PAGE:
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Fasting cholesterol check

Cholesterol test - Mayo Clinic


A complete cholesterol test — also called a lipid panel or lipid profile — is a blood test that can measure the amount of cholesterol and triglycerides in your blood.

A cholesterol test can help determine your risk of the buildup of fatty deposits (plaques) in your arteries that can lead to narrowed or blocked arteries throughout your body (atherosclerosis).

A cholesterol test is an important tool. High cholesterol levels often are a significant risk factor for coronary artery disease.

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Why it's done

High cholesterol usually causes no signs or symptoms. A complete cholesterol test is done to determine whether your cholesterol is high and to estimate your risk of heart attacks and other forms of heart disease and diseases of the blood vessels.

A complete cholesterol test includes the calculation of four types of fats in your blood:

  • Total cholesterol. This is a sum of your blood's cholesterol content.
  • Low-density lipoprotein (LDL) cholesterol. This is called the "bad" cholesterol. Too much of it in your blood causes the buildup of fatty deposits (plaques) in your arteries (atherosclerosis), which reduces blood flow. These plaques sometimes rupture and can lead to a heart attack or stroke.
  • High-density lipoprotein (HDL) cholesterol. This is called the "good" cholesterol because it helps carry away LDL cholesterol, thus keeping arteries open and your blood flowing more freely.
  • Triglycerides. Triglycerides are a type of fat in the blood. When you eat, your body converts calories it doesn't need into triglycerides, which are stored in fat cells. High triglyceride levels are associated with several factors, including being overweight, eating too many sweets or drinking too much alcohol, smoking, being sedentary, or having diabetes with elevated blood sugar levels.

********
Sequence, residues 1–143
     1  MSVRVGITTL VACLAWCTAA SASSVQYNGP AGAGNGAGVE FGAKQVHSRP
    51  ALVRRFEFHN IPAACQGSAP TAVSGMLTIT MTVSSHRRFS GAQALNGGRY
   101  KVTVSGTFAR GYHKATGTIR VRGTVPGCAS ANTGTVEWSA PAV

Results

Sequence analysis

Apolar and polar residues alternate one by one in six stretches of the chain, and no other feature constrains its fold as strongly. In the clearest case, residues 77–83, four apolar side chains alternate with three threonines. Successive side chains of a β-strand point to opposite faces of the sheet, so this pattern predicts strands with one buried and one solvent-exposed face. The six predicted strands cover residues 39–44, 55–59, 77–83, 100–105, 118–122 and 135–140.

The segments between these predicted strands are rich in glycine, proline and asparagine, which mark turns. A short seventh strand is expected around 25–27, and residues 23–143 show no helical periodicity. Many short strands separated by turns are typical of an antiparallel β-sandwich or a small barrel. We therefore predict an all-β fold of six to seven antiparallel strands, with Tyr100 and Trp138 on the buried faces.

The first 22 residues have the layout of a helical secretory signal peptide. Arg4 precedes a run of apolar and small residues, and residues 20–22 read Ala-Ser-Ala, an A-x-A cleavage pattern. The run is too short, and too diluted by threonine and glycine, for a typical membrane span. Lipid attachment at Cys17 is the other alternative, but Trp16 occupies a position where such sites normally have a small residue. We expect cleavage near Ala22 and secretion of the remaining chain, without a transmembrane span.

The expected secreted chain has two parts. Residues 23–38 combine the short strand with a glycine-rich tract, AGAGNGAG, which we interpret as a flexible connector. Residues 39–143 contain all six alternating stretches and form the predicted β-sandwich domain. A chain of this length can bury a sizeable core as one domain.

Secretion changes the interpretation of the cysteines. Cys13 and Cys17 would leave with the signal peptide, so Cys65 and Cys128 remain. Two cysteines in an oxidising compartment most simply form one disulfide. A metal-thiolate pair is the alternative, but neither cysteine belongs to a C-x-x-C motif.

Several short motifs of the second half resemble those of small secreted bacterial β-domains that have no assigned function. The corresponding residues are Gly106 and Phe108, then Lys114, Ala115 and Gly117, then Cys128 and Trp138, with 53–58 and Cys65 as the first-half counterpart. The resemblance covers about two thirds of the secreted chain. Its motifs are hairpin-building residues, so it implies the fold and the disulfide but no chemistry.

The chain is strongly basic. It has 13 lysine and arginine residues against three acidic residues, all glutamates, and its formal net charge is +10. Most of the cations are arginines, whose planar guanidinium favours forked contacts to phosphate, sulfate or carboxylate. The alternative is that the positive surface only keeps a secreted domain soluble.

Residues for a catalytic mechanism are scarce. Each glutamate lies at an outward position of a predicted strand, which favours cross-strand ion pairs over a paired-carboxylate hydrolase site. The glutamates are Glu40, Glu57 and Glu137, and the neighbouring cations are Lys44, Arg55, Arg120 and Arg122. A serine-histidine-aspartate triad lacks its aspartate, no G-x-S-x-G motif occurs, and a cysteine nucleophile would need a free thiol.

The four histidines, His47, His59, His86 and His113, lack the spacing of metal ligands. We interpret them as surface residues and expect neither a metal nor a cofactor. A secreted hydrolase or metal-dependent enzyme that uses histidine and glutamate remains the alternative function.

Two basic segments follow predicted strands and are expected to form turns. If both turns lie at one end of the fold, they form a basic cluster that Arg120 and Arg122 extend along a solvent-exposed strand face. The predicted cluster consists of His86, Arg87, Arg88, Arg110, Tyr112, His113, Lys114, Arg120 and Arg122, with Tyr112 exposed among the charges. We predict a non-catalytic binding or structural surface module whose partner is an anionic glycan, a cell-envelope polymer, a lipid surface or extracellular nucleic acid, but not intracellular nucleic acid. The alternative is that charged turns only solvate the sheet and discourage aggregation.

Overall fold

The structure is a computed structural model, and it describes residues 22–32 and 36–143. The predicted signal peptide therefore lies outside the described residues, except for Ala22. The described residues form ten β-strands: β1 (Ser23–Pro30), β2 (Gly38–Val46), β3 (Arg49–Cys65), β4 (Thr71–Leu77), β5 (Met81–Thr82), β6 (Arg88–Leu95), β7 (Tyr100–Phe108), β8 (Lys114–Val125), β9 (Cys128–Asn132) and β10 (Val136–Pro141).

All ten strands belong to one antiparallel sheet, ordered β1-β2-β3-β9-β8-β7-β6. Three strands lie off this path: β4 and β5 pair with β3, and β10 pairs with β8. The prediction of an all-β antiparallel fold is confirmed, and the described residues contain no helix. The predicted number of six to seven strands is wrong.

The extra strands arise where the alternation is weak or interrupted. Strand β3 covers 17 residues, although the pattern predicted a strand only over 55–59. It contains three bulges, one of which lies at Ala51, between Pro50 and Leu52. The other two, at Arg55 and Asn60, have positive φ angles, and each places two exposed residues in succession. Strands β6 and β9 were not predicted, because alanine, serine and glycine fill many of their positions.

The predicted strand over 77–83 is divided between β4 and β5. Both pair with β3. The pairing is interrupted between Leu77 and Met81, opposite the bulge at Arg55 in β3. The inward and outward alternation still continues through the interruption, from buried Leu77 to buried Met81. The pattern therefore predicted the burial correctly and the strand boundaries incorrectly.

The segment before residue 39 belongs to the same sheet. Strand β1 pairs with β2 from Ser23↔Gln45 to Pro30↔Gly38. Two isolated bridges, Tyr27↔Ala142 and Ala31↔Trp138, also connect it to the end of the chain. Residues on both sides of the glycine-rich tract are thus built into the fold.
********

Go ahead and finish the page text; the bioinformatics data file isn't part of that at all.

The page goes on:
Who should get a cholesterol test?

According to the National Heart, Lung and Blood Institute (NHLBI), a person's first cholesterol screening should occur between the ages of 9 and 11 and then be repeated every five years after that.

The NHLBI recommends that cholesterol screenings occur every 1 to 2 years for men ages 45 to 65 and for women ages 55 to 65. People over 65 should receive cholesterol tests annually.

More-frequent testing might be needed if your initial test results were abnormal or if you already have coronary artery disease, you're taking cholesterol-lowering medications or you're at higher risk of coronary artery disease because you:

  • Have a family history of high cholesterol or heart attacks
  • Are overweight
  • Are physically inactive
  • Have diabetes
  • Eat an unhealthy diet
  • Smoke cigarettes

People undergoing treatment for high cholesterol require regular cholesterol testing to monitor the effectiveness of their treatments.

More Information

  • Blood tests for heart disease
  • Childhood obesity
  • Obesity
  • Polycystic ovary syndrome (PCOS)
  • Transient ischemic attack (TIA)

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There's little risk in getting a cholesterol test. You might have soreness or tenderness around the site where your blood is drawn. Rarely, the site can become infected.

How you prepare

You're generally required to fast, consuming no food or liquids other than water, for nine to 12 hours before the test. Some cholesterol tests don't require fasting, so follow your doctor's instructions.

What you can expect

During the procedure

A cholesterol test is a blood test, usually done in the morning if you fast overnight. Blood is drawn from a vein, usually from your arm.

Before the needle is inserted, the puncture site is cleaned with antiseptic and an elastic band is wrapped around your upper arm. This causes the veins in your arm to fill with blood.

After the needle is inserted, a small amount of blood is collected into a vial or syringe. The band is then removed to restore circulation, and blood continues to flow into the vial. Once enough blood is collected, the needle is removed and the puncture site is covered with a bandage.

The procedure will likely take a couple of minutes. It's relatively painless.

After the procedure